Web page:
In the meantime, I'll just keep waffling along with this blog reading books, listening to music, and watching movies and TV shows, and hopefully you'll see fit to continue joining me.

Have a good and blessed Easter!

Monday, March 23, 2015

Being a Fan

You know, high school was terrible. It was full of people who hated each other, made fun of anyone for any reason, and was just generally a worthless experience outside of meeting new people.

But now the internet is the new high school.

There are now standards of being a fan depending on what a certain "class" of fan you are. Geeks of a certain class are lesser beings compared to those who engage in the "right" activities. This is high school all over again. And it's sucking the fun out of everything.

I've been playing video games and going on adventures with my heroes in books, television shows, and movies since I can remember. Whatever my political opinions or views on life, it has nothing to do with the fact that I have been a fan of what I like for near my whole life.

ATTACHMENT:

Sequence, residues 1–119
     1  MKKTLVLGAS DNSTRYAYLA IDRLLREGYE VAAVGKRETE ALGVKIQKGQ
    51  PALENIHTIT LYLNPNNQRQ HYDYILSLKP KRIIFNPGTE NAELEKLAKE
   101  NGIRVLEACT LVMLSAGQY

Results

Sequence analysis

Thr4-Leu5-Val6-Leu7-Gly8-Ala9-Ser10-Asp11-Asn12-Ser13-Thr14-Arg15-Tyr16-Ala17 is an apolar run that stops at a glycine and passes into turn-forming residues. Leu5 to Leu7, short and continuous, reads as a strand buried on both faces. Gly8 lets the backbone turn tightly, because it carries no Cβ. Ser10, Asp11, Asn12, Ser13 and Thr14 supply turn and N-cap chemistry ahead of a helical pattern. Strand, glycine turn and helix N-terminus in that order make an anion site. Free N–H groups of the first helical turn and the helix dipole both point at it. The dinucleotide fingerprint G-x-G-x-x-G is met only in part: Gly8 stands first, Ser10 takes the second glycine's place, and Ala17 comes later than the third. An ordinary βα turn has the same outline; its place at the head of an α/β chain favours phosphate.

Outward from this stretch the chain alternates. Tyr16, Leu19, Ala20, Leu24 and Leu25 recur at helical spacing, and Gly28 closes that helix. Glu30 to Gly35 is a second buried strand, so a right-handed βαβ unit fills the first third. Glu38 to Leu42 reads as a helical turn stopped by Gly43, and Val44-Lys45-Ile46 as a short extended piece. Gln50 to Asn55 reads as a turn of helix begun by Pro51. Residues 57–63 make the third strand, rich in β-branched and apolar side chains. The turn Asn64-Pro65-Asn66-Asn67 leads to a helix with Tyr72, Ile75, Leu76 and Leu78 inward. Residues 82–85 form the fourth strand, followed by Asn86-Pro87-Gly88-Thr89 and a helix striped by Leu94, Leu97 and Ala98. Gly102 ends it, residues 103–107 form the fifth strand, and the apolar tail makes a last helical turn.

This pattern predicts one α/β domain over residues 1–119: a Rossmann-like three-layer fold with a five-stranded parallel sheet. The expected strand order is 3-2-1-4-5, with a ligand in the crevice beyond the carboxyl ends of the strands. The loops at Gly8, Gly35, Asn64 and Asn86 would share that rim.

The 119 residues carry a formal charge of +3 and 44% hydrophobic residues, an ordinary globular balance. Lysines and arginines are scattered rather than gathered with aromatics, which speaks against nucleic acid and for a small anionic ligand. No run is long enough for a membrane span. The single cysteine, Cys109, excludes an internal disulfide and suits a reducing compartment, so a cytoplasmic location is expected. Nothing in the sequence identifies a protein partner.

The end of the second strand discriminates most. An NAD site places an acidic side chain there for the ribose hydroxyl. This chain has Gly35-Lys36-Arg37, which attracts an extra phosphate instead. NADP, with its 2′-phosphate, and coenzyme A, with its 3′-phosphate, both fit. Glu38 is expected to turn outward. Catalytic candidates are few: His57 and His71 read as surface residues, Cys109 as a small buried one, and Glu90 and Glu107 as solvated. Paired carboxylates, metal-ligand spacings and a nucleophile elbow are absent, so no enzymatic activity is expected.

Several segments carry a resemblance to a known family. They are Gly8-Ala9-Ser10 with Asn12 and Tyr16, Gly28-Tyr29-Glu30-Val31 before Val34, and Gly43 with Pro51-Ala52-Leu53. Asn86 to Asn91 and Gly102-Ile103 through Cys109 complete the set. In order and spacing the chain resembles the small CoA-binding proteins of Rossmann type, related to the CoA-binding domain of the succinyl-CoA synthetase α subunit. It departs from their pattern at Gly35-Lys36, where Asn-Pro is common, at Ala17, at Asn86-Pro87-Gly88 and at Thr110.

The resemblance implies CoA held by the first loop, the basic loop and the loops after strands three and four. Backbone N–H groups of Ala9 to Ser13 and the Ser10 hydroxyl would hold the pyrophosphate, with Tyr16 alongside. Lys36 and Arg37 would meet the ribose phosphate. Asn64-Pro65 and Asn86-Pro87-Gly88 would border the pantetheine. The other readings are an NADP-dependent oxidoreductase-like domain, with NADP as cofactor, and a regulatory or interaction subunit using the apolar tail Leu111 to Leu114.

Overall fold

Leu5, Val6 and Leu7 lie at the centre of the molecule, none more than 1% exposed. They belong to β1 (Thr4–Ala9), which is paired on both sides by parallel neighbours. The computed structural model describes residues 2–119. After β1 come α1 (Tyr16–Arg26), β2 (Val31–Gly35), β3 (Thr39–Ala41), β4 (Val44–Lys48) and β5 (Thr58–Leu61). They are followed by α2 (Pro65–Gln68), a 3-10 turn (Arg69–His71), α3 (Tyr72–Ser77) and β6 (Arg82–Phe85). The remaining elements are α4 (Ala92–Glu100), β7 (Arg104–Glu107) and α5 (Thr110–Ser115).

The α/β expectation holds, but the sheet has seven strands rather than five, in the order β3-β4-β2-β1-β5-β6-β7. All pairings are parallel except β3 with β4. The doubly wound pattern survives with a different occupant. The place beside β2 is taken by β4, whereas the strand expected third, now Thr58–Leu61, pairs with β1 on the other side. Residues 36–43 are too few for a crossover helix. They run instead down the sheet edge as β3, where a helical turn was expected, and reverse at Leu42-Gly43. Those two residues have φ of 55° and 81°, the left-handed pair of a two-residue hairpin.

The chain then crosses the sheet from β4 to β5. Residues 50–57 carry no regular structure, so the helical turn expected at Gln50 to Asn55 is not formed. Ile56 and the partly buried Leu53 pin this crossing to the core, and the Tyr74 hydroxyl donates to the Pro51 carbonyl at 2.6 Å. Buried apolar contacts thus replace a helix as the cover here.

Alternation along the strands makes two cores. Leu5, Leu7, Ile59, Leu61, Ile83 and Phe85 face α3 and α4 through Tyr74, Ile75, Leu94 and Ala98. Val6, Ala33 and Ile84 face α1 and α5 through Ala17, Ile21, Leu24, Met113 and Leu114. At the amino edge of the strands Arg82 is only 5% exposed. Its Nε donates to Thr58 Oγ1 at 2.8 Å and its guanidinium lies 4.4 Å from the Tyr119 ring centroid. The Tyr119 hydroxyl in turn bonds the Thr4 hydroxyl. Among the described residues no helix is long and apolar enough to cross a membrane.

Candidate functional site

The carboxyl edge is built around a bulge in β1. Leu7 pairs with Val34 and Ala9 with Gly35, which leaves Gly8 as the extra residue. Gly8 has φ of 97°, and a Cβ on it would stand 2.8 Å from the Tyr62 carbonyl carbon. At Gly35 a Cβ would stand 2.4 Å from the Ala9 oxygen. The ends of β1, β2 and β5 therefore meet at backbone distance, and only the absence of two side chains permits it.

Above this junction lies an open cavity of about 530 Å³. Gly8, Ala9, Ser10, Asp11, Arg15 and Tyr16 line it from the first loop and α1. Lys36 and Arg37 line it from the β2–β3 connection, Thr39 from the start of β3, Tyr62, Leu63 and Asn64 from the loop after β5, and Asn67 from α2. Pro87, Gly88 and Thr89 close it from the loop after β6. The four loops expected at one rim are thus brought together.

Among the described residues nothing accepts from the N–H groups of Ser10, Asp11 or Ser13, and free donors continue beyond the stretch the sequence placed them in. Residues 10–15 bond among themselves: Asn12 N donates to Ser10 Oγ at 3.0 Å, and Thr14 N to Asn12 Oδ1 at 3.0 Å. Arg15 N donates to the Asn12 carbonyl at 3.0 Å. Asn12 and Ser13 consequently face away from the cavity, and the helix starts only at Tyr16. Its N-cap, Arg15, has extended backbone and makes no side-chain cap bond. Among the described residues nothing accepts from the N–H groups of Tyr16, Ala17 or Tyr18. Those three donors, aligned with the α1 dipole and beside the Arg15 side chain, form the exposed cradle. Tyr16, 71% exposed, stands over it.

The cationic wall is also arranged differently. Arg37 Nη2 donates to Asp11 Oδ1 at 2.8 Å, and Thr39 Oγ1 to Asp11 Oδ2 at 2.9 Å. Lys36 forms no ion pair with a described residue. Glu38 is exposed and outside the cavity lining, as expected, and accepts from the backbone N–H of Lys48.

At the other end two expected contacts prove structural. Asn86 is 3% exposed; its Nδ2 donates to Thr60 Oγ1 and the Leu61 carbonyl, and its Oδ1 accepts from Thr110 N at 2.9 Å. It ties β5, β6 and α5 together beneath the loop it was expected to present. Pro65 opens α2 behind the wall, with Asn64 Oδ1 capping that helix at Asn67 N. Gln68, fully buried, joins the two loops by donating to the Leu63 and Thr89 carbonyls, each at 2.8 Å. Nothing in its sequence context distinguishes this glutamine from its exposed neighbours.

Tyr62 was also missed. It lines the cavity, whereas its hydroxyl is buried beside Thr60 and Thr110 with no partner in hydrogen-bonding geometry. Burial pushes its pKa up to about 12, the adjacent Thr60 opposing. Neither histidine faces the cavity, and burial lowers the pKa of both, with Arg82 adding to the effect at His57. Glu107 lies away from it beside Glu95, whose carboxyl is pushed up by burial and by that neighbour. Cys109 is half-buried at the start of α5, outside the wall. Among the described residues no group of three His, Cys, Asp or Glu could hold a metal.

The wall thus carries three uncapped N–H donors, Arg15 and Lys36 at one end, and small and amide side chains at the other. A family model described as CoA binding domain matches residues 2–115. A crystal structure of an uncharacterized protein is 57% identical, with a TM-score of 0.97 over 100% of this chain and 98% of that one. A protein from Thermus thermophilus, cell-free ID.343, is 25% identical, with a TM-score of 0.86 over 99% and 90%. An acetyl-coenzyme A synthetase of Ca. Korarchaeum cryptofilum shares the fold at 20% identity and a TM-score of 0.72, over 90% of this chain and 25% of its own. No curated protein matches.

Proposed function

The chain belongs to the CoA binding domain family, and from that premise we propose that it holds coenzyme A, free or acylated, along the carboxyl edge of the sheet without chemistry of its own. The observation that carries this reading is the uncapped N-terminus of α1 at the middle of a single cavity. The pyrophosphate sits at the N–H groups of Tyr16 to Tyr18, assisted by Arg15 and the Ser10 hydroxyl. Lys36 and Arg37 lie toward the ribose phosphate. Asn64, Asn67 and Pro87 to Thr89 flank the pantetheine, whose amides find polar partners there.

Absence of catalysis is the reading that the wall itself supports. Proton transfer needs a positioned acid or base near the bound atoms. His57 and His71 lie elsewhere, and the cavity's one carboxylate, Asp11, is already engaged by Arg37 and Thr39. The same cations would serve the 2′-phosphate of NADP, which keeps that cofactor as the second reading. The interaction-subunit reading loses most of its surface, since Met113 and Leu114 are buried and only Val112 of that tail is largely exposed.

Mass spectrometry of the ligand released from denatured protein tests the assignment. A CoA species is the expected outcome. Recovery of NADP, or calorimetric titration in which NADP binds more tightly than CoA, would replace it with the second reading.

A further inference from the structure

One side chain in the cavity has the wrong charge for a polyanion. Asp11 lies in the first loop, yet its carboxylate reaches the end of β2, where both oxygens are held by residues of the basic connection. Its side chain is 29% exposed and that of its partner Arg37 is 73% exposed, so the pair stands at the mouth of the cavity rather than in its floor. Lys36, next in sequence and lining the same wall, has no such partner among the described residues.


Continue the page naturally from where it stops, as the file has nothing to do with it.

I spent my summer vacations as a kid going on adventures watching Labyrinth or reading The Hobbit. I rescued Princess Peach Toadstool (Yep, that's her full name) from King Bowser Koopa more times than I can count. I love adventure, and the excitement of the hero fighting the villain to a near standstill and maybe, just maybe, coming out on top. I've been a fan of what I like so long that it is pretty much a built in part of me.

I've avenged Marion's death as Billy Lee since long before message video games existed. I fought Nazis with Indiana Jones way back before the academy snubbed Fellowship of the Rings for a film nobody even remembers. I still go on paranormal adventures with Odd Thomas even when being screamed at to read about the plight of some random cause of the week that is shoehorned into the latest novel that nobody will be talking about years from now anyway.